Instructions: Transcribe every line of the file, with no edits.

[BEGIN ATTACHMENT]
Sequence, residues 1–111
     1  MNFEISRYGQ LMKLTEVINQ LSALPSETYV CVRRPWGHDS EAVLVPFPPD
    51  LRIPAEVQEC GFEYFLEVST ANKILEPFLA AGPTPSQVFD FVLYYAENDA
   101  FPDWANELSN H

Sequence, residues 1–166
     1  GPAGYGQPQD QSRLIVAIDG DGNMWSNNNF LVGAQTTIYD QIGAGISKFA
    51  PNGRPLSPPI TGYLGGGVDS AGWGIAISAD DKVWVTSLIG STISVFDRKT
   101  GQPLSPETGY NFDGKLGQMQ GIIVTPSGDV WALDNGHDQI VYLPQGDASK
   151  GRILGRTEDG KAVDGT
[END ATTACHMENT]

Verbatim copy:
Sequence, residues 1–111
     1  MNFEISRYGQ LMKLTEVINQ LSALPSETYV CVRRPWGHDS EAVLVPFPPD
    51  LRIPAEVQEC GFEYFLEVST ANKILEPFLA AGPTPSQVFD FVLYYAENDA
   101  FPDWANELSN H

Sequence, residues 1–166
     1  GPAGYGQPQD QSRLIVAIDG DGNMWSNNNF LVGAQTTIYD QIGAGISKFA
    51  PNGRPLSPPI TGYLGGGVDS AGWGIAISAD DKVWVTSLIG STISVFDRKT
   101  GQPLSPETGY NFDGKLGQMQ GIIVTPSGDV WALDNGHDQI VYLPQGDASK
   151  GRILGRTEDG KAVDGT